1. Dave says:

    What about the “potiential” exhibitors that can not aquire space in the vaunted exhibit hall? Our company tried three different times to secure floor space at the 2011 SHOT and was told that it was sold out. What are we to do? Why is it right for only the selected few to be allowed to conduct business in the city of Las Vegas? Explain this in a way that makes sense….

    • Karole says:

      Hi Dave – Not sure how it works, but if you go to the floor plan you can mouse over many spaces that say “This space is available for reservation” – you may want to ask about this.
      Good luck!

    • The SHOT Show is a privately owned and held trade-only event. With over 1,400 exhibitors there are hardly a “select few” exhibitors Dave. The exhibitors make the show possible and it is our responsibility to protect their investment. We wish we had more space for potential exhibitors like you. You can certainly attend if you are involved in the trade, but please don’t suitcase our show.– Chris Dolnack

  2. Kevin says:

    Are attendees allowed to hand out business cards? Or is this considered suitcasing?

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  5. Nate says:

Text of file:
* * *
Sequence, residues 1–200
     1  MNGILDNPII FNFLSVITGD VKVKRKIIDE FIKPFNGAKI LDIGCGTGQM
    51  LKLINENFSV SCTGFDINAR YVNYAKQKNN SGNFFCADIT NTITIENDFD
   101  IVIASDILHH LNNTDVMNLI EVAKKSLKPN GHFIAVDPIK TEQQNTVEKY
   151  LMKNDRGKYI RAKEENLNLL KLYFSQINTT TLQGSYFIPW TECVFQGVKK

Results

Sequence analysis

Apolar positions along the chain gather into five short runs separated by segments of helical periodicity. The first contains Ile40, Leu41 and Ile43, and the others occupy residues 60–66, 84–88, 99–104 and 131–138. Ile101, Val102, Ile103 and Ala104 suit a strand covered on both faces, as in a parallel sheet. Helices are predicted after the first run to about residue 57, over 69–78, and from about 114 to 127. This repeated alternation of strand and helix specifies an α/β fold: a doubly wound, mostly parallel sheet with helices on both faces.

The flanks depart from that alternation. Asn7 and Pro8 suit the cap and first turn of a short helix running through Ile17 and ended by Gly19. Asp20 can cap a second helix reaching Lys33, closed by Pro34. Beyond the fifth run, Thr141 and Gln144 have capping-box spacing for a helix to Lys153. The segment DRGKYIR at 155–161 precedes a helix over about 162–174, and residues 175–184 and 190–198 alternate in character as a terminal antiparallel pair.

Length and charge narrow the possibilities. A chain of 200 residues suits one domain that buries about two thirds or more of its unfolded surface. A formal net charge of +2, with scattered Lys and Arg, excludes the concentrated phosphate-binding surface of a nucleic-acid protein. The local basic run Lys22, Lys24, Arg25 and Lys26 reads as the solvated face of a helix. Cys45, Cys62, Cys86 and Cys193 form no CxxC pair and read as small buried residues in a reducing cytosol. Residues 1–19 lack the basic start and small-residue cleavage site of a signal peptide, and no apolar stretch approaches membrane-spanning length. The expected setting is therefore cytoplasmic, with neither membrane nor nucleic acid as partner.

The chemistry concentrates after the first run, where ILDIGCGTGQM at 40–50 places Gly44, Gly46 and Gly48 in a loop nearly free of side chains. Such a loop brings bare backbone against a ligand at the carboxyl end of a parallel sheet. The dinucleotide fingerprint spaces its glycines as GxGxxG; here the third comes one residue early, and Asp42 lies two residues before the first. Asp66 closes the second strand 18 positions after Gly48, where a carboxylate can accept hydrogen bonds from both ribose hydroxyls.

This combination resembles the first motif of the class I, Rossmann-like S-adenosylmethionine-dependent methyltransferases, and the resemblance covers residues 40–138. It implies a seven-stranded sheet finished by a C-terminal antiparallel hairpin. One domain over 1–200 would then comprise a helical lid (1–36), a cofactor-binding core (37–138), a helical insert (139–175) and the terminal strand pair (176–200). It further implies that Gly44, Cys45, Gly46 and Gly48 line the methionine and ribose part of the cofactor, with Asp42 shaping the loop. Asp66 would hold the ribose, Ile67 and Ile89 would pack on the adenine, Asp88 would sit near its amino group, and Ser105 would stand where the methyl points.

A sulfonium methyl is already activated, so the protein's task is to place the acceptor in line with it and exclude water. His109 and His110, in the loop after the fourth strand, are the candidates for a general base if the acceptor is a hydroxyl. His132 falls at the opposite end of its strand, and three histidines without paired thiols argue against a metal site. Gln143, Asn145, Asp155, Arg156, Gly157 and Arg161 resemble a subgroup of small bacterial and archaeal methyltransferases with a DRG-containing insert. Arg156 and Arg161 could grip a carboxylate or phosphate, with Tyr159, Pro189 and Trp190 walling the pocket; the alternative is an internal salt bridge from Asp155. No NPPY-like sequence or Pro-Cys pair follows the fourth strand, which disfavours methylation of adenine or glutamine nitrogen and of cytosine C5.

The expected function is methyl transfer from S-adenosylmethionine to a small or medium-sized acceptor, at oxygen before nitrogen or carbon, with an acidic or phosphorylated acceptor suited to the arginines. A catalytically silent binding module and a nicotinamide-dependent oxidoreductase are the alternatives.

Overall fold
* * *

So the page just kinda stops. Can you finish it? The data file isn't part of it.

Would the SHOT Show Organizers ever consider having the show at the McCormick Place in Chicago, IL? The McCormick Place has 2.6 million sq. ft. of hall space vs. the 1.8 million occupied by the Sands Expo. Dave Jeannette (Booth Sales Manager) mentioned to me yesterday that they have over 200 applications on the waiting list for the 2011 show. It just seems like it may be time to start looking for a larger venue that would accomodate the hundreds of companies that are willing to pay for valuable booth space.

    • Anonymous says:

      When we look at SHOT Show venues, Nate, we look for warm weather cities with a gun-friendly political and business climate. Unfortunately Chicago, while a great city, misses on both counts. A number of shows recently left the McCormick Place in protest of labor rates and work rules. This was recently resolved but again, not conducive to doing business. We have an agreement with the Sands Expo through the 2012 SHOT Show and are looking forward to improving the experience for our customers and guests. — Chris Dolnack

    • Nate says:

      That’s a good point Chris. I’ve been to machining trade shows at the McCormick Place before but for a moment I forgot about how anti-gun Chicago was. Oh well, I guess all we can do is hope that the 2013 show can be held at a larger facility.

  6. Rich says:

    The choice of venue and more specifically the layout is poor at best. Typical of the organization to do what works best for them with rates versus the paying members. 2010 was a joke and this year will be worse — what about 2012. Another venue needs to be worked out. With the near “sold out” conditions, it would seem to make financial sense as well. Please listen to your customers and our customers.